Background: During Ramadan, due to fasting, there is more hunger, less energy levels, and more subjective depletion compared to normal days. Thereby, this study aimed to assess how Ramadan fasting could affect students’ sleep and academic performance as well as tiredness during fasting hours.
Methods: A cross-sectional study was conducted comprising 386 Muslim medical students who were studying in Riyadh medical colleges (King Saud University, Imam Muhammad ibn Saud Islamic University, Al-Faisal University, Dar Al Uloom University, and Vision Colleges) during the fasting hours in the following faculties (Medical College, Pharmacy College, Nursing College, Applied Sciences, Faculty of Dentistry). Students who were studying at non-fasting hours were excluded. This study was conducted between the 10th and 24th of Ramadan, 2022 using a self-administered questionnaire and Epworth Sleepiness Scale.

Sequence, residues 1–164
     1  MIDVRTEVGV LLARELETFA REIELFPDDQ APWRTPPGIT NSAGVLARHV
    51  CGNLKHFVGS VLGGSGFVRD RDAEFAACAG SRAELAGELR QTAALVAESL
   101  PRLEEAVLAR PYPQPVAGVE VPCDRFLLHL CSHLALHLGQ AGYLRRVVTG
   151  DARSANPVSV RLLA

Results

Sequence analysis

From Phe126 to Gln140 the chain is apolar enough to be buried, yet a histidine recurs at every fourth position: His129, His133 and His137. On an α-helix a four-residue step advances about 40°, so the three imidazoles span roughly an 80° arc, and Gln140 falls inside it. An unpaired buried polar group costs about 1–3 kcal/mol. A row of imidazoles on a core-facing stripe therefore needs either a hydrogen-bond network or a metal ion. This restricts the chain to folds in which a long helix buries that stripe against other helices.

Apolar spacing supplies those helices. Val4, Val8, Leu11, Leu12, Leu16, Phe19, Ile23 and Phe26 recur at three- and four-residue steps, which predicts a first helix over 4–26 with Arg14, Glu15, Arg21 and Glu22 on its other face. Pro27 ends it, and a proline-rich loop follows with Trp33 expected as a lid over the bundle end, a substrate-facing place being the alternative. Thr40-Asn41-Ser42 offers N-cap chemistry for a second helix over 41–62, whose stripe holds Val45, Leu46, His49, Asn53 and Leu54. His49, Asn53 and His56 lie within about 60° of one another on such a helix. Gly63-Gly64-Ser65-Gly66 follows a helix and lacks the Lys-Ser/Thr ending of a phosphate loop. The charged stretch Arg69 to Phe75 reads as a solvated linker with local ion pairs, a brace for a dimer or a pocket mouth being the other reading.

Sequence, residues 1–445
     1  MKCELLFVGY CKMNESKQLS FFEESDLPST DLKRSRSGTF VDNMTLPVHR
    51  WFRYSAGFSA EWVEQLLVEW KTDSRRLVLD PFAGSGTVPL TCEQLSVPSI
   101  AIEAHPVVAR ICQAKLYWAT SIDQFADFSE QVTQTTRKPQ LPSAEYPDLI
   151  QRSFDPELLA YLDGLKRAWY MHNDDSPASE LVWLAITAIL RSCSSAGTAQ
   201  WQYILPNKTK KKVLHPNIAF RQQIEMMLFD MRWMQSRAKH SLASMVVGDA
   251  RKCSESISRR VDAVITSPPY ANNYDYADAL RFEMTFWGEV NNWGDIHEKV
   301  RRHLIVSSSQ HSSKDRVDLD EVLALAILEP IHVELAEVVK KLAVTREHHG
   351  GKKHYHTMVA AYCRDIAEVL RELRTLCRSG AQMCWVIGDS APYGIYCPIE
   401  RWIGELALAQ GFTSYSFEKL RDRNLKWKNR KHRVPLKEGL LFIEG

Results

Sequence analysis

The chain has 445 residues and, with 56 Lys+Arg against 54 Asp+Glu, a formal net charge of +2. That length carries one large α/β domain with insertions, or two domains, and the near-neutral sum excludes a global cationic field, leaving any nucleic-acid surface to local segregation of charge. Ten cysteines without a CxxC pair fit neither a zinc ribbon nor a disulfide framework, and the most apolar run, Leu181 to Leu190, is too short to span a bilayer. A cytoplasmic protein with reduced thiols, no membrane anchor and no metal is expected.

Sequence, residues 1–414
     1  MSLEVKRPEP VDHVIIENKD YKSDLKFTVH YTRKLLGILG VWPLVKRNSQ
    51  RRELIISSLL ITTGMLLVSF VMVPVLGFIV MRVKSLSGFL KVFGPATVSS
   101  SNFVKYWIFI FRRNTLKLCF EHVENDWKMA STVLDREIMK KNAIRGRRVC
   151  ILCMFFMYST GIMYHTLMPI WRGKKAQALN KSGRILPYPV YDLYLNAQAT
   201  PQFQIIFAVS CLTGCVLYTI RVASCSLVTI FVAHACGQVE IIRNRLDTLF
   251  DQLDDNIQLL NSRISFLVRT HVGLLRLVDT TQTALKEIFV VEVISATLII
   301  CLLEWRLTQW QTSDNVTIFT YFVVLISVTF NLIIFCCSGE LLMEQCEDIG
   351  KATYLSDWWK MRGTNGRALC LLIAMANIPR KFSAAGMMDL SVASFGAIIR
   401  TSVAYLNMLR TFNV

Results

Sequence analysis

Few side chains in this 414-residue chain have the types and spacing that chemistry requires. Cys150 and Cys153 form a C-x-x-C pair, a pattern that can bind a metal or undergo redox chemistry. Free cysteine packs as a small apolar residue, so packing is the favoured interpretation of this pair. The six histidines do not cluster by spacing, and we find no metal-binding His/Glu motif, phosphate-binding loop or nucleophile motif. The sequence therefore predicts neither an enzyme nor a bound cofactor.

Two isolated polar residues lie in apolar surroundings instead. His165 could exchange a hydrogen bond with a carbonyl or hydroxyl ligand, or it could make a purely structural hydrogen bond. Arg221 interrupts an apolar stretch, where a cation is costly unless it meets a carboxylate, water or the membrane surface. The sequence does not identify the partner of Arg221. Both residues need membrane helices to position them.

Results: The majority of the participants were females (70.2%) while male participants were 29.8%, and most of the students had a decreased desire to study (82.1%). The majority of the participants reported reduced concentration during Ramadan classes (73.1%), also most of the participants had a reduction in their sleeping hours (75.1%).
Conclusion: Studying during Ramadan fasting hours was significantly correlated with poor academic performance as well as sleep quality.
Key words: Fasting, Ramadan, sleep, tiredness, academic performance.